Kat spun my head around.
Kat, aka SkinnyKat, a woman who writes online about weight and weight loss and other things, moved my mind when she said we should understand more than the “how” of weight loss, but also the “why.”
As in: Why do I easily gain weight? Why do I want to lose weight?
These may seem like easy questions to answer, but today I’m taking it slowly, answering them carefully. They deserve some attention.
I know why I gain weight easily. It’s because I eat too much and too little of the right foods, and I move too little. But, why?
Why do I eat too much? And too little of the right things?
I love the taste of terrible food.
Food is a reward, a solace, a comfort, a prize.
Food is addictive.
Food is a guilty pleasure.
Food is there.
Food is reliable.
Food is social.
Food is something to do.
Food is my art.
I’m in a hurry a lot of the time and eat mindlessly, forgetting how much I eat, or eating so little that when I finally get around to eating, I overeat.
Why can’t I control my eating when I want to so much?
Food is one of the few pleasures in my hectic, deadline-driven, scary, sad, world. I don’t drink to anesthetize. I eat.
I’m often hungry for more calories than I burn off.
(These answers tell me I need to diffuse the power of food in my life. I need help for this.)
Why do I move too little?
I work on my keester all day long.
I have only a couple of hours with my family at the end of the day. We gather around a table, on the couch. I should spend this time at the gym instead? I don’t think so.
I have a hard time putting my body care ahead of my job or my family.
I don’t always remember to sneak in movement during the day, especially when I’m on deadline.
I don’t like to exercise, even though I do like the result. Still, I’d rather read. I would always rather read.
(I need to find ways of being more active all day without making a big deal out of it or trying to transform myself into an athlete. By sneaking in lots of little bouts of exercise, developing an introvert’s exercise habit, I can slay the big exercise beast.)
Why is maintenance so hard?
It feels as if I’m pulling against a very large bungee cord. The cord is pulling me back toward my old habits while I keep on working to stretch toward a new way of living. I have to keep pulling until the elastic gives out and lets me stay put. And it takes years for elastic to lose its snap. Meanwhile I pull and pull and pull. It’s tiring.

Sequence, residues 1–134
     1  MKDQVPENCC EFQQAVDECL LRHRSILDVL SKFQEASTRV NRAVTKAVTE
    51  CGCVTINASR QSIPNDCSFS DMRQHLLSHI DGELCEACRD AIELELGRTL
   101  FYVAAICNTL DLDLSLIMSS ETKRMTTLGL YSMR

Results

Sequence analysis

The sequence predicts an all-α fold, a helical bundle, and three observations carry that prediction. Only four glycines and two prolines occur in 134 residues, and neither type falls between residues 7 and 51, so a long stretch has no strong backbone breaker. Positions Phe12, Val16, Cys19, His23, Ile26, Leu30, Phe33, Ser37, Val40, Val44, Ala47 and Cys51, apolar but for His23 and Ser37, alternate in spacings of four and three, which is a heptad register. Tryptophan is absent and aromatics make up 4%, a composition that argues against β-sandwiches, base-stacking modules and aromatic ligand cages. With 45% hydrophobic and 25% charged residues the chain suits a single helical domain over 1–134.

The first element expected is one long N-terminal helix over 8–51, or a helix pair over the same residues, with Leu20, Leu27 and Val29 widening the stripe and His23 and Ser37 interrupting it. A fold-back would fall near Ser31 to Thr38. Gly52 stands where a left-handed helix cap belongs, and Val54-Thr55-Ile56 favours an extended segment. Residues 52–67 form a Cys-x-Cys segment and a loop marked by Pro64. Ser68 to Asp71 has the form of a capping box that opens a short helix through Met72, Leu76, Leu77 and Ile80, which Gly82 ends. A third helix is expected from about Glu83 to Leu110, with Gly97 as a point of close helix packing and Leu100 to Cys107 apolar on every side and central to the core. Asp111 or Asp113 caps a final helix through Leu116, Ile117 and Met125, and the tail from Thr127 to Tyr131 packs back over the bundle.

(This just means I need to be respectful and patient of the process. It does take time, it is hard. Breathe.)
Why work so hard to lose weight and keep it off?
I lost the weight for my health. Is maintenance now about health or beauty? Is it both? For me it hasn’t been so much about beauty. It’s much more about not wanting to die early. Beauty is the sticky side trip, a distraction. I need to remember this work is for good health, good mood, good BP, smoothed out hormones, a working brain, a working heart, working guts. I want to keep functioning well for a good bit longer. These answers make my goals less about a size, I suppose…
(This is a big deal. This is a big deal. This is a big deal. I need to think about this some more.)
So now, what are your whys? Write them down and answer them in your body log, journal, or blog. Your questions and answers will probably differ from mine. I suspect that once we know all about our own whys, it’s a lot faster and more fruitful for us to develop our own personal hows. I can see right away how I can choose my goals with more clarity and accuracy. I can see how finding strategies for managing my body can be done with much more precision.
This is good. Thank you Kat.